Norton Announces Its Own Wireless Router With Security Emphasis

sfx2000

Part of the Furniture
Hehe... what is Norton now days? Symantec, Intel, who nows? It's like McAffee...

The Norton Core Secure Router will start shipping in the U.S. in summer 2017 and will have an MSRP of $279.99. However for a limited time, a special pre-sale price is set at $199.
I think I'll pass...

But if it can run linux, or better yet, freeBSD, I might be interested...
 

phrehdd

Occasional Visitor
I'll look forward to the review of this product and how well its addtional "Norton-esque" features work.
 

pete y testing

Very Senior Member
hi

"Bundled with a year subscription of Norton Core Security Plus,"

that would be my first issue as you are then locked into the brand and its subscription based "security"

"the router can protect up to 20 PCs/Macs and Apple/Android mobile devices,"

this also seems a bit limiting

the pic makes it look ascetically pleasing but i wonder how physically big it is , the ethernet ports make it look about as big as a grapefruit and not a ventilation hole anywhere in sight , makes me wonder how it would handle the summer heat

look forward to seeing how it performs firmware wise as being a first for norton they will have a steep learning curve as the likes of synology and its RT1900
 

evil_mike

Occasional Visitor

Norton decided it needed to get into the router biz with its CES 2017 announcement.
FYI, I asked them to get ahold of you on this, so you can do a review on it (I work for Symantec, but in another part of the business). I'm also trying to get one for myself so I can text it out in my house.

SFX, Norton is Symantec's consumer brand ;-)
 

RamGuy

Senior Member
hi

"Bundled with a year subscription of Norton Core Security Plus,"

that would be my first issue as you are then locked into the brand and its subscription based "security"

"the router can protect up to 20 PCs/Macs and Apple/Android mobile devices,"

this also seems a bit limiting

the pic makes it look ascetically pleasing but i wonder how physically big it is , the ethernet ports make it look about as big as a grapefruit and not a ventilation hole anywhere in sight , makes me wonder how it would handle the summer heat

look forward to seeing how it performs firmware wise as being a first for norton they will have a steep learning curve as the likes of synology and its RT1900

From what I've heard there shouldn't be any limitations on how many devices the router itself can protect. But the subscription also gives you access to the full Norton Security software suit, and here you are limited to "only" 20 computers.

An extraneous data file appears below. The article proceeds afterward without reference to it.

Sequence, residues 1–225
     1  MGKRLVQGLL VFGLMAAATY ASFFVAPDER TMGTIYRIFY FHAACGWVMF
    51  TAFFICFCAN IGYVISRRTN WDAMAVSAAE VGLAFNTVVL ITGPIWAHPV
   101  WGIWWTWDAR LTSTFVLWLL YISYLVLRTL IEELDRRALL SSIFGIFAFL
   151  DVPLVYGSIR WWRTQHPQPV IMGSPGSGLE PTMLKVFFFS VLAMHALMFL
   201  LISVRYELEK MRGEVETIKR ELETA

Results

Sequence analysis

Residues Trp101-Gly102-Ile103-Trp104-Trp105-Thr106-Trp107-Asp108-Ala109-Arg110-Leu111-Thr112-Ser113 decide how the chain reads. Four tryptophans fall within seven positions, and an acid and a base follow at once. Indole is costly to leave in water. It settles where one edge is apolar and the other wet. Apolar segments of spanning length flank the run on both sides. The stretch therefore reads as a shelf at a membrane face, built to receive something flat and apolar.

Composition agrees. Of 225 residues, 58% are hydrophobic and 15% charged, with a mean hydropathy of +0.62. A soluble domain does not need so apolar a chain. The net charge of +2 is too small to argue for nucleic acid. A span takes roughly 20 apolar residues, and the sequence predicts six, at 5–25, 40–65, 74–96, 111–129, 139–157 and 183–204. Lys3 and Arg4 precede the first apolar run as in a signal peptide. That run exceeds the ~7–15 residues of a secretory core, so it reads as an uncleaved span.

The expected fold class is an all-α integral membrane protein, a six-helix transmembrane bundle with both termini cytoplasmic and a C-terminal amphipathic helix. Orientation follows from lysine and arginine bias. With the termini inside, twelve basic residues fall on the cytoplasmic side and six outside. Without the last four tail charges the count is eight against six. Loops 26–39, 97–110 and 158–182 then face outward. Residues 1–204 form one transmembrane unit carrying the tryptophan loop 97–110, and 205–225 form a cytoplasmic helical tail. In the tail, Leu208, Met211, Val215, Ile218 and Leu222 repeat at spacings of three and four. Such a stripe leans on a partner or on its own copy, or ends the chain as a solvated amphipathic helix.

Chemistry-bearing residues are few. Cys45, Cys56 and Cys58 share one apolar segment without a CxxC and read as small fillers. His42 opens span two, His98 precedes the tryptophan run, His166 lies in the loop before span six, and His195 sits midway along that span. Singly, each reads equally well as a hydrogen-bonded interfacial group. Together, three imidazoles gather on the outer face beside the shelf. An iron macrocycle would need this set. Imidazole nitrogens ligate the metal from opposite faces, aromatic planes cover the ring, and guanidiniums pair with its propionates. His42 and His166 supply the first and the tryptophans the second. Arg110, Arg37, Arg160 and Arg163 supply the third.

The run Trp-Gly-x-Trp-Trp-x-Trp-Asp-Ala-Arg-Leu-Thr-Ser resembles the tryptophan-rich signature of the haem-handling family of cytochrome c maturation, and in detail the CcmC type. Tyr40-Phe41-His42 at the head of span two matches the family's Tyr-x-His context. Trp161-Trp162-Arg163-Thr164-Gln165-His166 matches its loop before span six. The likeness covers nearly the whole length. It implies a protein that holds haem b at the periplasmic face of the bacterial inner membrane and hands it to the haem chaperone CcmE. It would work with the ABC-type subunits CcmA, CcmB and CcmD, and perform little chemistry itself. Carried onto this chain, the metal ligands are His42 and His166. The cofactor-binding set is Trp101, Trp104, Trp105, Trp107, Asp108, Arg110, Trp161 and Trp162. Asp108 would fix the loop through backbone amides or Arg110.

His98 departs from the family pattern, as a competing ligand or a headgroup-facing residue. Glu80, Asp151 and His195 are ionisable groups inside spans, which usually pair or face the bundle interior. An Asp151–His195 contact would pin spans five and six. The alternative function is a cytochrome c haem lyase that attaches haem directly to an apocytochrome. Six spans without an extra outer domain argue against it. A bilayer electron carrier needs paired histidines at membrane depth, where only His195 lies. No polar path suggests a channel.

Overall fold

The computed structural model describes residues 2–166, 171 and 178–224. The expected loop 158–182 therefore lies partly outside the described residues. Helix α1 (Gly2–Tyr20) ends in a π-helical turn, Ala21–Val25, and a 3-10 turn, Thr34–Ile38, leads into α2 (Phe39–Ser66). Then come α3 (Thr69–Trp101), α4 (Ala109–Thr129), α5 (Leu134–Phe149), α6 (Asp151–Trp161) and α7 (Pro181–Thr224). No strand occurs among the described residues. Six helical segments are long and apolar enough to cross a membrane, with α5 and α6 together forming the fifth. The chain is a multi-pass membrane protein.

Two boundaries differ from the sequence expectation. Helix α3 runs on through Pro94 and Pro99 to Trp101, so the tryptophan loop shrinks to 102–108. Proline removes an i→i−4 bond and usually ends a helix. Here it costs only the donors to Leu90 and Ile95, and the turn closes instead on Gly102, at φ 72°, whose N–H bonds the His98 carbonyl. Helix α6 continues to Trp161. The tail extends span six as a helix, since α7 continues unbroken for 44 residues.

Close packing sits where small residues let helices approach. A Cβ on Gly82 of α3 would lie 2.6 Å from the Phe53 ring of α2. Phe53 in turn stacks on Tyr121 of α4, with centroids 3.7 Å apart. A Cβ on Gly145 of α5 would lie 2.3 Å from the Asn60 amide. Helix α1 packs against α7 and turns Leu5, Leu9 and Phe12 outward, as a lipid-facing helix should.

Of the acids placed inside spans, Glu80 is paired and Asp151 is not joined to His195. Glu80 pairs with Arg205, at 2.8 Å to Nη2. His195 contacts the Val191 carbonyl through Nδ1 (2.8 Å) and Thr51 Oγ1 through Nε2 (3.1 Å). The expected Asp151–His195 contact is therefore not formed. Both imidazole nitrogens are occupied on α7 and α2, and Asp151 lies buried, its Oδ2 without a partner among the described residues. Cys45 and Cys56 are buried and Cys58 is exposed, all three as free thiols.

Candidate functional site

I know BitDefender have had something similar, but I have no experience with it. Doesn't sound like a device for me, but I'm interested in seeing how these actually works and what they really do compared to regular routers or routers like the one from Asus with some limited Trend Micro stuff tossed into the firmware.


What does it actually offer in terms of security? With a yearly subscriptions, one have to assume it actually does something. Not just some url matching towards a Symantec database and whatnot. But I highly doubt it will offer any kind of fully fledged threat protection, emulation and anti-virus. As so much traffic on the internet is HTTPS/Encrypted these days the security functionality would be very limited if it doesn't offer some kind of HTTPS Inspection and for some reason I doubt that would be the case.
 

Wutikorn

Senior Member
FYI, I asked them to get ahold of you on this, so you can do a review on it (I work for Symantec, but in another part of the business). I'm also trying to get one for myself so I can text it out in my house.
That's great, thanks. I prefer reading detailed reviews from Smallnetbuilder rather than other reviewers such as PC Magazine. I also look forward to you sharing info before it comes out too.

I know BitDefender have had something similar, but I have no experience with it. Doesn't sound like a device for me, but I'm interested in seeing how these actually works and what they really do compared to regular routers or routers like the one from Asus with some limited Trend Micro stuff tossed into the firmware.


What does it actually offer in terms of security? With a yearly subscriptions, one have to assume it actually does something. Not just some url matching towards a Symantec database and whatnot. But I highly doubt it will offer any kind of fully fledged threat protection, emulation and anti-virus. As so much traffic on the internet is HTTPS/Encrypted these days the security functionality would be very limited if it doesn't offer some kind of HTTPS Inspection and for some reason I doubt that would be the case.